Actress Uma Thurman's life has been so singular and unique that it rivals the craziness of even the most outlandish characters she's portrayed. All the crazy Uma Thurman stories out there are proof the famed actress has not had an easy or orthodox show business experience. She's had to fight to get where she is, and she's had to endure some major personal and professional setbacks in order to establish her career and her name.
The Uma Thurman biography begins in Boston, MA, where she was born on April 29, 1970. She grew up mainly in Amherst, MA, but two years of her childhood were spent in Almora, an Indian town deep in the Himalayas. Her modeling career began when she was just a teen and film roles soon followed.
But these facts don't tell the whole story. Read on to discover some things you didn't know about Uma Thurman and the distinctive trail she has blazed.
She Was Injured In A Car Crash While Filming 'Kill Bill'
Thurman's performance as The Bride/Beatrix Kiddo in the Kill Bill movies is arguably the role with which she is most identified. The grit and determination of the character are a reflection of Thurman's own grit and determination - two qualities she would need to get through the ordeal of filming Kill Bill.
At one point during filming, she was forced to do what appeared to be an easy stunt: drive straight down a Mexican road. But Thurman was unsure about the stunt, especially because the car had been modified for the film. As a result, she crashed into a tree at a high speed and suffered extensive injuries. As she told The New York Times:
"The steering wheel was at my belly and my legs were jammed under me. I felt this searing pain and thought, 'Oh my God, I’m never going to walk again.' When I came back from the hospital in a neck brace with my knees damaged and a large massive egg on my head and a concussion, I wanted to see the car and I was very upset. Quentin and I had an enormous fight, and I accused him of trying to kill me. And he was very angry at that, I guess understandably, because he didn’t feel he had tried to kill me."
She Was Sexually Assaulted By - And Has Spoken Out Against - Harvey Weinstein
Thurman added her voice to the #MeToo movement when she revealed that she, like many Hollywood actresses, had also been sexually assaulted by movie mogul Harvey Weinstein. She told The New York Times about an incident in a London hotel room where Weinstein forced himself on her. Thurman kept the story of her attack a well-kept secret because Weinstein threatened to destroy her career. She was forced to tolerate his company at various industry events in the years since the attack until she "aged out of the window of his assault range." Ugh - if it's not abundantly clear yet, Harvey Weinstein is a pig. (No offense to pigs.)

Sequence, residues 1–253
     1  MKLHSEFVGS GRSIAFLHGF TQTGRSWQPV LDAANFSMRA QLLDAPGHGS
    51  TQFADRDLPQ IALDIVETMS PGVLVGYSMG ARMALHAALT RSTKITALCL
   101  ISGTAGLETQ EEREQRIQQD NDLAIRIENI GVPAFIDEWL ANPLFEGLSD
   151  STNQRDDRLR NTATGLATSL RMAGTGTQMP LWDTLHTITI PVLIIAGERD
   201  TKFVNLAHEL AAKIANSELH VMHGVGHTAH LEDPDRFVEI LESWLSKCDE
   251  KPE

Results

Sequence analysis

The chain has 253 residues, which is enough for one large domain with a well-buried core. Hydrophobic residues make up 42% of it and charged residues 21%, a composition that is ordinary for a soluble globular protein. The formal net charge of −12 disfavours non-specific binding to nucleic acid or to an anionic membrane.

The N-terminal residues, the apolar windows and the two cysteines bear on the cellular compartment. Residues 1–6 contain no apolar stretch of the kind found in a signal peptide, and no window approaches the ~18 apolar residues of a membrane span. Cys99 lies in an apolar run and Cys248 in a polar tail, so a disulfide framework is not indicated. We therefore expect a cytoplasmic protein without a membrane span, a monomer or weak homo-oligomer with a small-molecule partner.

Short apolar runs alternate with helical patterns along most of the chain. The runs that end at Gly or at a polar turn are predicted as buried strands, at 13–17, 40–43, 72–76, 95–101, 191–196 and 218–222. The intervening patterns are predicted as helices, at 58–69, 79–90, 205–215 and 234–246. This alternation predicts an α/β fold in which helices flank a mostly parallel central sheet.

Quentin Tarantino Spat On And Choked Her During The Filming Of 'Kill Bill'
Anyone who has seen the Kill Bill movies knows Thurman's character is pretty much put through hell in order to achieve the bloody vengeance she so desires. From what it sounds like, the hellishness continued off the set, too. The films' director, Quentin Tarantino, spat on Thurman and choked her with a chain for two Kill Bill scenes. Tarantino did not deny the abuse, though Thurman has never blamed him. The two have explained the physical alternation was a way to present the scenes in the most realistic manner possible. "It was Uma’s suggestion," Tarantino said. He added:
"To just wrap the thing around her neck, and choke her. Not forever, not for a long time. But it’s not going to look right. I can act all strangle-ey, but if you want my face to get red and the tears to come to my eye, then you kind of need to choke me."
She Was Raped When She Was 16
Tragically, Thurman's encounter with Weinstein was not the first time the actress was sexually assaulted. At the age of 16, she was violated by an older man. She has released few details about the traumatic event, except to say that her assailant was an actor 20 years her senior. In her own words:
"I tried to say no, I cried, I did everything I could do. He told me the door was locked but I never ran over and tried the knob. When I got home, I remember I stood in front of the mirror and I looked at my hands and I was so mad at them for not being bloody or bruised. Something like that tunes the dial one way or another, you know? You become more compliant or less compliant, and I think I became less compliant."